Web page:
Sing Sing Sing – Benny Goodman
It turned me on to Jazz, not least through Gene Krupa’s drumming. I always had a bit of a thing for the drums anyway, even tried to learn to play at Saturday morning lessons at the Fender Soundhouse in Tottenham Court Road, with my long-lost step-brother who was quite a gifted drummer from the Carl Palmer camp. Strange this inheritance came from my step-father rather than my parents. My dad did have a decent collection of jazz records ranging from George Shearing (spotlighted in On The Road which I just finished reading yesterday) via Jack Teagarden (with the bright yellow sleeve) to Stan Freeman (a Sinatra alternative) but he never really communicated the passion for them – I think Barbra Streisand and Beethoven was more where he was really at). My mum has always loved music and taken me to hear it live but we’re more in the realm of Mahler and musical theatre with her – I guess a track from Jesus Christ Superstar could have been it, one of my first LPs (nabbed from her) which I drew and coloured along to for happy hours on end (we also saw Godspell together with David Essex in his Superman shirt). Her second husband was involved in the Archer Street generation, the musicians’ labour exchange on the streets of Soho habituated by the Ronnie Scott circles. I’ve just acquired a ticket to see Van at Ronnie’s little place which is a prospect and a half. And Benny would probably have enjoyed the trip back/forwards to 70s brown if his band would have fitted on stage. I’ve seen Maynard Ferguson’s big band there with an incredible young drummer called Stockton Helbing so it’s probably feasible. The drumming is primeval on Sing Sing Sing in the vein of Soul Sacrifice at Woodstock with the young&beautiful Michael Shreeve. And the Keith Moon craziness is key to the energy too. I like the way the Chicago Polak gets in touch with the roots of all ancestors through his insistent pounding – as Gershwin did in another way through Porgy, a profound understanding transcending race. Goodman is celebrated for breaking the race barriers with his mixed band – I love that too. By some twist of fate his great-niece ended up marrying my best-man via Argentina. The world swings in mysterious ways. And Sing Sing Sing swings with a mysterious primitive energy which does it for me deep deep deep down.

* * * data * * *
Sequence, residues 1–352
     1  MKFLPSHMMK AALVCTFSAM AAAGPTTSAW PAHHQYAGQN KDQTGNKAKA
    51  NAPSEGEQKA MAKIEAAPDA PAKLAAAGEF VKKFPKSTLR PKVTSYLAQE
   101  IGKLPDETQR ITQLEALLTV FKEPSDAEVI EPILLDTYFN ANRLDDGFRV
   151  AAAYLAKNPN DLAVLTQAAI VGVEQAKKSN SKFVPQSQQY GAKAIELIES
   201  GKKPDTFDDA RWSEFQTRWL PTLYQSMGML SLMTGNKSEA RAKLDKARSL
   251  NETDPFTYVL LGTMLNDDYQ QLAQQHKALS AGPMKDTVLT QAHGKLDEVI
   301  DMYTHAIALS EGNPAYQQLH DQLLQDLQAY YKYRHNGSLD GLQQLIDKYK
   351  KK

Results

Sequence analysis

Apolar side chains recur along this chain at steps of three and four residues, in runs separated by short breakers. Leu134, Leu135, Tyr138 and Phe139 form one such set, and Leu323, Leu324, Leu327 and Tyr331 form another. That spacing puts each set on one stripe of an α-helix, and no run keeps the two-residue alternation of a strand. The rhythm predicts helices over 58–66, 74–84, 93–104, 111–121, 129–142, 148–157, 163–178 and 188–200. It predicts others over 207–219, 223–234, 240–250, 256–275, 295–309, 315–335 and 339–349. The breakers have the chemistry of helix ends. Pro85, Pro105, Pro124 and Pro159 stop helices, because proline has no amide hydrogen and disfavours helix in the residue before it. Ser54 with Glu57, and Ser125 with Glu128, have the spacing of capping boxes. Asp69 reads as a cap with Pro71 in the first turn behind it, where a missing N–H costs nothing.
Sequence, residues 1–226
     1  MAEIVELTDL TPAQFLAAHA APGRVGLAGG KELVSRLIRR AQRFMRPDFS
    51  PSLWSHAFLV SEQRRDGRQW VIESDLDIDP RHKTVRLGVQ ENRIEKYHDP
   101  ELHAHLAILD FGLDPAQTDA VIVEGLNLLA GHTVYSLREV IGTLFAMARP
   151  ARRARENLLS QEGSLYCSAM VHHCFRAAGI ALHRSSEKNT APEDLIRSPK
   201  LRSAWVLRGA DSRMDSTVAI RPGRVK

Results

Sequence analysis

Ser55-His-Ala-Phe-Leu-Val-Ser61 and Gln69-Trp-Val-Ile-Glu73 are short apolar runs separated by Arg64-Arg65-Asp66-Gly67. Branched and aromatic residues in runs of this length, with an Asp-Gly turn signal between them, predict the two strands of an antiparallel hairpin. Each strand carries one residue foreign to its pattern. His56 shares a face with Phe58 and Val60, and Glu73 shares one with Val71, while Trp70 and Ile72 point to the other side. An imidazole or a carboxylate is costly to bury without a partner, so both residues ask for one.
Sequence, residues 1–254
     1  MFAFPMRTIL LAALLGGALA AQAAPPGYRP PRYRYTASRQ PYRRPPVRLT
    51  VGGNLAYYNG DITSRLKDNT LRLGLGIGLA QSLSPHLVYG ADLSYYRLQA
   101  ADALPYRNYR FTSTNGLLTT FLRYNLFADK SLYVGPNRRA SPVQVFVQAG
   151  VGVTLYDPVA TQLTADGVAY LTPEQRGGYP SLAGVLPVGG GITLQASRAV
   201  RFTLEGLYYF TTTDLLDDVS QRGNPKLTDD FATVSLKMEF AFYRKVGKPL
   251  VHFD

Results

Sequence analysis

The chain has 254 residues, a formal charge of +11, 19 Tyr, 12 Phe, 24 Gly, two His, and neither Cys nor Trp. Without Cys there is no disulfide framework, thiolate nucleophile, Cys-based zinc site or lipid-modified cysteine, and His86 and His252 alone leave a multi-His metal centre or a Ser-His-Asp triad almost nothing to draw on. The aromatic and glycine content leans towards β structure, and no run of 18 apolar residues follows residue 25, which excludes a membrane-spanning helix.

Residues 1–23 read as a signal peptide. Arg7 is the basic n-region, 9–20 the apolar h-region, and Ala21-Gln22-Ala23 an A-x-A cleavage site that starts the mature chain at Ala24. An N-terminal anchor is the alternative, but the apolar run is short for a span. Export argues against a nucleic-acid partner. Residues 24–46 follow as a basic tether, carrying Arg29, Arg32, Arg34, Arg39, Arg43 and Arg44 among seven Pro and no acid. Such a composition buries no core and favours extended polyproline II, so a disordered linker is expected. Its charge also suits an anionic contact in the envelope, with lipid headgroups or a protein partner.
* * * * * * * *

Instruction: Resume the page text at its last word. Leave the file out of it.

Flamenco Sketches – Miles Davis
Jazz too. It was a tough battle between Miles and Trane (A Love Supreme), my two funeral tracks, the former to end, the latter to start. I love this track because it leads me consistently to a transcendant place of tranquility. It soothes my soul. I was first transported by the record (Kind of Blue) driving home from St Albans one day, I just had one of those moments when I heard it properly. I can recall other such incidents clearly too – Love Theme from Spartacus (Bill Evans) in Kilburn, Hyperballad (Bjork), Into the Fire (Bruce) in Parliament Hill. Music lifting you beyond. I leave this beautiful performance, a one-off moment of semi-improvised perfection, the culmination of the second wonderous side of Kind of Blue, to the Enfants Terribles as a key to peace on earth.